Going Silent on LONG ROAD HOME

Encouragement and discouragement can come from many places. What we do with encouragement can take us to high places, but once we let discouragement in, we go crashing to the ground. Writing a novel is a roller coaster of emotions. One day, I feel like I love my story and I’m doing a great job. Then the next day, I hate it and feel I’ll never be good enough to be published. Lately, I’ve been on the discouraging end of the writing process.

I’ve been writing, editing, and re-writing Long Road Home for over four years. I’ve spent thousand and thousand of hours writing and working on this story, yet I’m still no where close to being done. It’s not ready to see the world and I question whether it ever will be. The expectation for good writing and a good story is set so high that I definitely question myself and my ability to please the reader. Yes, I like it, but that’s not enough. 

I’m not giving up. I will always work on Long Road Home, but I’ve made a decision to work on it silently. Please don’t take this wrong, but I’m done with sharing the process. I will still write blog posts, but they won’t be about writing my first novel. They’ll be about my simple love of writing, and most definitely, about those things that drive me crazy about writing.

I was about to throw Long Road Home in a drawer and give up on it for good. I was completely frustrated, torn down, and lost… not only about the story itself, but also about my ability to write a good story. Then I got the best, most simple, advice from my husband. He said, “Follow your heart.” And that’s what I’m going to do. My heart is in this story, so I’m going to continue to work on it, but I’m going to do so silently. Not talking about or blogging about my novel is a personal decision, and it’s not a bad thing, but more of an introspective thing.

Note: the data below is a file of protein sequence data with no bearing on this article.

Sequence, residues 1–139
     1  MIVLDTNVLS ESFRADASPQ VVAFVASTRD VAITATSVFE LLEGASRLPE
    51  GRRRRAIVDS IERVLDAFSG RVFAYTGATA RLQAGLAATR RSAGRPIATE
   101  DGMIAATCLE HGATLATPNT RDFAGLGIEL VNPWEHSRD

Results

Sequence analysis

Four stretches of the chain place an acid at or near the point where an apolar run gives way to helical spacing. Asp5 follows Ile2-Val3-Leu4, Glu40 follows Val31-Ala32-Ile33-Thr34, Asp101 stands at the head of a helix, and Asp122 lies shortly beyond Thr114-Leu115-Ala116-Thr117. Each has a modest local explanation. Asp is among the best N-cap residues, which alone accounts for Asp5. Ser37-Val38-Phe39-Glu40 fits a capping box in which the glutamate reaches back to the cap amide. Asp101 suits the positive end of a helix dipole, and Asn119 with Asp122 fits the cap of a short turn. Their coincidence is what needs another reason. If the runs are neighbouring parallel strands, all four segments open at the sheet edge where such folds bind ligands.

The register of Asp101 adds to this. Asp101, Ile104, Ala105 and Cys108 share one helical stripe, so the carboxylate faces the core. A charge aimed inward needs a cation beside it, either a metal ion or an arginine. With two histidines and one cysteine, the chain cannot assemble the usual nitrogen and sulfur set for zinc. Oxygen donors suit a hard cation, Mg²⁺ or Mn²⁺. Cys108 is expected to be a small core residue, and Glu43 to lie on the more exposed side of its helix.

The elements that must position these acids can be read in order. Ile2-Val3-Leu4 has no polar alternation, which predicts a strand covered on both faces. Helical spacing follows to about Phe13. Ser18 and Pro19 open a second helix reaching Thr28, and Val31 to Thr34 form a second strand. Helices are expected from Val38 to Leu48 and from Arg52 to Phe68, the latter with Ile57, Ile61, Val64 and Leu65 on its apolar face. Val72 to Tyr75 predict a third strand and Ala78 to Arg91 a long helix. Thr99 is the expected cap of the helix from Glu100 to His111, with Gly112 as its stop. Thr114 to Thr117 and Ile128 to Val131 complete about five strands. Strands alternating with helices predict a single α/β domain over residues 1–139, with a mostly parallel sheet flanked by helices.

I hope to one day speak and write about my novel with a loud and proud voice, but until then, I look forward to blogging about many other writerly topics and I hope you’ll still follow and support this progressing writer.

Until next time…

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4 Comments

Filed under January 2011

4 responses to “Going Silent on LONG ROAD HOME

  1. What I learned about my ms #1–which I’m still proud of, dangit!–is that I couldn’t have written ms #2 without it. I don’t mean that in the usual sense writers use to tell you to move on to #2. I mean that I spent so fricking long in the world of #1, fell SO in love with my characters, knew them and breathed them (I’m sure you can say the same of yours) that I vowed never to shelve it, because it’d feel like killing something I birthed. So I kept on and got some good requests out of it, but nobody bit. In the midst of my heartache and constant tweaking and revising, I realized one of my non-protag characters had a huge story of his own to tell (a stand alone prequel). I got to stay in the world I’d become familiar with and stay in the head space of the people I could pick out of a line up while blindfolded. That story could NEVER have been written without #1. Never. I still haven’t given up on #1, of course, if nothing else, I see it as a bonus e-book to readers, should #2 be picked up (or, even better, an agent will help me make it something sale-able one day).

    Have you entertained the idea of picking up your story from another character’s p.o.v.? Never let your doubting-self bully your real-self into believing that ms #1 was for naught. It wasn’t and never will be. See you back on Twitter, my #twitterfailgang friend. 🙂

    • Thank you for your thoughtful response! I’m going to stay the course and keep plugging away! I don’t think I could write it from another character’s POV. The whole story is about Amelia’s (my MC) journey. However, I’ve never given that angle a thought. I should play around with it. Again, thank you for your response. 🙂

  2. Good for you! Do what is best for you.

  3. There’s a reason I mostly blog about cooking these days. I sent my first novel-length MS (well, the 50th or so rewrite because I like the character, I just haven’t quite figured out the right story) to a beta. It’s been a month or two and I already want to rewrite the darn thing.

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